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Get That Geekiness out of Blogs

Podcasting with a missing piece |


| Study tests BW blog--and users say Huh?

July 12, 2005

Get That Geekiness out of Blogs

Heather Green

(Update Steve and I posted at the same time...)

Admittedly, the Catalyst study is a tiny one (only 9 people), but apparently the experience of that little group was enough to inspire Net Rage.

Full PDF here, but according to Catalyst, the highlights include:

"No participant understood the mechanisms associated with RSS/subscribing to a blog – not even the minority familiar with the term “RSS."

Few participants even recognized that they were on an actual blog – and once they did, had a very different reaction to the information presented.

A minority of participants understood how to navigate within the blog itself – with most being confused by areas for recent posts, categories, trackbacks and even the comments and archives functions."

The only redeeming point for BW seems to be that Catalyst thinks we're representative of blogs in general....

02:50 PM

blog technology

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Tracked on July 13, 2005 12:04 PM

Web 2.0 This Week (July 10 - 16) from TechCrunch

The main Web 2.0 news this week focused on Technorati (is it dyin or is it rockin?) and the release of Atom 1.0. Lots of other random and interesting stuff as well, including important chia-pet news.

Weekly Summary:

1. Technorati is Dead! Long Liv... [Read More]

Tracked on July 16, 2005 06:19 AM

It's no surprise that some blog visitors don't understand basics such as how to get information, navigation, the "rules of the road", etc. This is similar to what happened when e-mail, web browsers, and other new things were introduced.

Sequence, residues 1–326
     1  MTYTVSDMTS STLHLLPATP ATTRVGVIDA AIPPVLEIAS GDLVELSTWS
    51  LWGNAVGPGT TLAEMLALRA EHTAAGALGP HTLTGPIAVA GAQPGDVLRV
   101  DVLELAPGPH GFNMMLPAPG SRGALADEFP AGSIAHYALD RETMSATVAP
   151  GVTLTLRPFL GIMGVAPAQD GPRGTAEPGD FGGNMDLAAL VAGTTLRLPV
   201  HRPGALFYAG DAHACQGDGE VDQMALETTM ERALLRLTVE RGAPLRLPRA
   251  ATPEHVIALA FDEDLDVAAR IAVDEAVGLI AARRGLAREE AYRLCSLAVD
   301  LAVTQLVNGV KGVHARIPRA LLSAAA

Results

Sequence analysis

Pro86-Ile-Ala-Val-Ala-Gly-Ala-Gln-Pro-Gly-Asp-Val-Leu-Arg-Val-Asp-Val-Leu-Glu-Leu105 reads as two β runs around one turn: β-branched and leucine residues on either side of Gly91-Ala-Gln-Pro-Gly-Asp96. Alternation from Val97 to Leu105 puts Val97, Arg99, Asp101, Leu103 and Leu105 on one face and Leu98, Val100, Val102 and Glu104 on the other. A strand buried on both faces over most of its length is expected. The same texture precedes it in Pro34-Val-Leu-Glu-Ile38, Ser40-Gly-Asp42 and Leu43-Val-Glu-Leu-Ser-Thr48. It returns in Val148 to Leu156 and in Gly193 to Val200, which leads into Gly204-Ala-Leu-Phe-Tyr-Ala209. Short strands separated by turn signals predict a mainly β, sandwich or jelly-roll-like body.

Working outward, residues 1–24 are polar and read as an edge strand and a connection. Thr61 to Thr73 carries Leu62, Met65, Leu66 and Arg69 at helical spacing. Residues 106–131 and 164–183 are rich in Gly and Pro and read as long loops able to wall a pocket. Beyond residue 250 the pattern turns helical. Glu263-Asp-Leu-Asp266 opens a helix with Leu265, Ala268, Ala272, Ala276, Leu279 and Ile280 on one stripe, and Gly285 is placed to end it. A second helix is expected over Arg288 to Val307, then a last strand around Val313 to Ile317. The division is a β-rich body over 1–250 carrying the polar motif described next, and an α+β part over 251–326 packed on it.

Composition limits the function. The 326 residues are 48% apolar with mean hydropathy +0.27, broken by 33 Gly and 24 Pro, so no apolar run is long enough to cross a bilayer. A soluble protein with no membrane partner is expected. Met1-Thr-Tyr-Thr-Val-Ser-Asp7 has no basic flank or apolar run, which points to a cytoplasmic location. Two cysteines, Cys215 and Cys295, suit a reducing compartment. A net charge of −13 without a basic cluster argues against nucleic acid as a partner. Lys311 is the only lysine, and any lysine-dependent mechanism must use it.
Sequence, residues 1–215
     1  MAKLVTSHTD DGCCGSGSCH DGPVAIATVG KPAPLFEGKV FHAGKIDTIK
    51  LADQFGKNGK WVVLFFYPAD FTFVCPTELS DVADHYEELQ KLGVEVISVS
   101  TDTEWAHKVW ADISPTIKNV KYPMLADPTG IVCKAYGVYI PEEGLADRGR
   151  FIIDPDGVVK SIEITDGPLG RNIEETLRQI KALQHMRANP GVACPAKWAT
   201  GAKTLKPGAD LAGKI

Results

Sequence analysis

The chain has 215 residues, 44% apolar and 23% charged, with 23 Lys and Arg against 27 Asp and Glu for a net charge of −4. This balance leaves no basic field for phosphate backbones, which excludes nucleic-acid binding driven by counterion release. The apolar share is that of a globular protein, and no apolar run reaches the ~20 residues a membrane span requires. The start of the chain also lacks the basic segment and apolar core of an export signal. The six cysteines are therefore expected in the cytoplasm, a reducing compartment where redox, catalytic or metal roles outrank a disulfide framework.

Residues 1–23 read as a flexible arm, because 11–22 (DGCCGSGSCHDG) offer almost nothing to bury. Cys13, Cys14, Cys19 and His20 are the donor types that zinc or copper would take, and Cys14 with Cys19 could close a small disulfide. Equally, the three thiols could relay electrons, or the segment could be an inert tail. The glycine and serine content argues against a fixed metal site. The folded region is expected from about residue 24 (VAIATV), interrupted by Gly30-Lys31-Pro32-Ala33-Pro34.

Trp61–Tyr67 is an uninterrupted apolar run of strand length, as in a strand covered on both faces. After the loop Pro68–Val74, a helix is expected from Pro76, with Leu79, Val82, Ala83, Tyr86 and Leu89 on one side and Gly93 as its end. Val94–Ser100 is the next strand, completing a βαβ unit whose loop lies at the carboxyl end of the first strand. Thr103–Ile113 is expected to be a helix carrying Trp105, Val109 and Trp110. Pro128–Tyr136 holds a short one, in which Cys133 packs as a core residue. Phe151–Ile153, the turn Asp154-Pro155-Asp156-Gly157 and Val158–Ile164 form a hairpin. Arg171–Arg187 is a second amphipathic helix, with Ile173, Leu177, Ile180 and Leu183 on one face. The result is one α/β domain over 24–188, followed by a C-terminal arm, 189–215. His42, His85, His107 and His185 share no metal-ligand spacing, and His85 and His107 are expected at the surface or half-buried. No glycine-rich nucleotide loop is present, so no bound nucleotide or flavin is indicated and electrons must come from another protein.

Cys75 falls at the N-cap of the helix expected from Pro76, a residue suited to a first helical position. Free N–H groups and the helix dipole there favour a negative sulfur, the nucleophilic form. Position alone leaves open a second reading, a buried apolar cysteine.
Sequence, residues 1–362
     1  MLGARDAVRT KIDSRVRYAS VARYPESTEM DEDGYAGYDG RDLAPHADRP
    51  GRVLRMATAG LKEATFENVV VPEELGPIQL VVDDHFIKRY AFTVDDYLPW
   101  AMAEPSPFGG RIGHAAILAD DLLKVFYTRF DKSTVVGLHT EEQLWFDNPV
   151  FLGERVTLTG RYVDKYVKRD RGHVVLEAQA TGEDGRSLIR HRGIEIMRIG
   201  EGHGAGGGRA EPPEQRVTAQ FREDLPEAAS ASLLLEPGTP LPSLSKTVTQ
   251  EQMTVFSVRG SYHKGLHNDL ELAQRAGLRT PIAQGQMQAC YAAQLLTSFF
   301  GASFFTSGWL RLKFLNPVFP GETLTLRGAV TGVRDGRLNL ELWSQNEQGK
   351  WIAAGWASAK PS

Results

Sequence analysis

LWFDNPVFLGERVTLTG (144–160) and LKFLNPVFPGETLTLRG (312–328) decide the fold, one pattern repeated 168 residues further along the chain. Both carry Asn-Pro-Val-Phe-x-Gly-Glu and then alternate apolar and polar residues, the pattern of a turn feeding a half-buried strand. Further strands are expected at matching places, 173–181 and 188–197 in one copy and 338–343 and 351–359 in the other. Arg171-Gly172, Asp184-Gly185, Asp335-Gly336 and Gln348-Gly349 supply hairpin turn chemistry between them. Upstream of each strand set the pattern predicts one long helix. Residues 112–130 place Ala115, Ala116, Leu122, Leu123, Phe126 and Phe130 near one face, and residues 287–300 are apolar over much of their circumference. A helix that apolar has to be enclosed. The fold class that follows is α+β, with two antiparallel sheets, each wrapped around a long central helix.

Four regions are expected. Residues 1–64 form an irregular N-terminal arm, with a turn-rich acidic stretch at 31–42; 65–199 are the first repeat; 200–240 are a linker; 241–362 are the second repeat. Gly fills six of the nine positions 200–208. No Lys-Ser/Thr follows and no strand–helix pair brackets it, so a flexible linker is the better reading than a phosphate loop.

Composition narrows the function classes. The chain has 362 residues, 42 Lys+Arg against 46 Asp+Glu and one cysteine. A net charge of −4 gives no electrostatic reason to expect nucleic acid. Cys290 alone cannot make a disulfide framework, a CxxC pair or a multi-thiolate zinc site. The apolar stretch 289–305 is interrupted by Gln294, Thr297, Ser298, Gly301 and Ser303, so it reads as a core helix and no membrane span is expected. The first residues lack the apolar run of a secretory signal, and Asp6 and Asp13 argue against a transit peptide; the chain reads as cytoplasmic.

Chronic technology under-use is reflected in the large percentage of pople who still don't know how to reset their VCR's clock. They don't know how to use more than the most basic formatting tools in word processors or pivot tables in spreadsheets. Too many people cannot properly trim an e-mail chain or copy-list to avoid repeating and copying everyone on a digressed discussion.

I'd bet the same percentage of people can't express themselves clearly in plain English, balance a check book, read a map, or select a healthy diet from a grocery store.

Rage is the least of my worries. I suspect that the majority of this class also votes. And that's really scary.

Posted by: Glen Marshall at July 12, 2005 06:02 PM

Heather... Just a few days ago, I commented... on my blog... Steve's posting "How to appeal to non-bloggers..." Here is the relevant part:

Yes, most people seemingly are not inclined to be active media producers or actors. Most of us prefer the "one-click" media engagement. Click - your TV is on; click - look at your new picture; click - go from this web page to that web page.

Most people will not learn the "blog speak". How about "trackbacks"... Oh, yes... these are links to somewhere on the Web where somebody already said something about what you read here. And this is supposedly happening automatically. For example, I am writing this post hoping for a "trackback" to appear on Stephen Baker's blog linking back to this post right here - automatically - because I'm linking my post here - back to his original post there. How about easy to imagine... Not to mention "rss", "pings", "tagging", and other similar nerd niceties. Not enticing for most normal people.

And what's all the fuss about "blog this", "blog that"... I still cannot get it. How in the world bloggers see each other on the web. It's not obvious at all. There are the links in the side bar... and in the text itself... true. But how do you easily put these links there. As obscure as any old-fashioned DHTML/Javascript coding. My guess is - bloggers see each other on CNN, may be on Google, locally everywhere in SF, and on Web 2.0 conferences.

I am playing a bit the non-geek's advocate here, of course, but not too much really...

Posted by: Emil Sotirov at July 12, 2005 06:32 PM

what's a blog?

Posted by: robert at July 13, 2005 01:03 AM

Hello Emil,

Good points and I agree, although I do think that people will probably express themselves through other things, maybe photoblogs, etc.

But I do think that there might be a need to degeek a lot of the technology.

Posted by: Heather Green at July 13, 2005 10:20 AM

Heather... I like the "degeek" term... :)

In another part of my comments on Steve's posting, I was arguing that (1) strong "issues" and (2) an information rich environment (also Steve's main point) may entice people into the so-called Web 2.0 level of interactivity.

Still, the "degeeking" should be a top priority to all those involved in the development of these platforms.

Posted by: Emil Sotirov at July 13, 2005 12:42 PM

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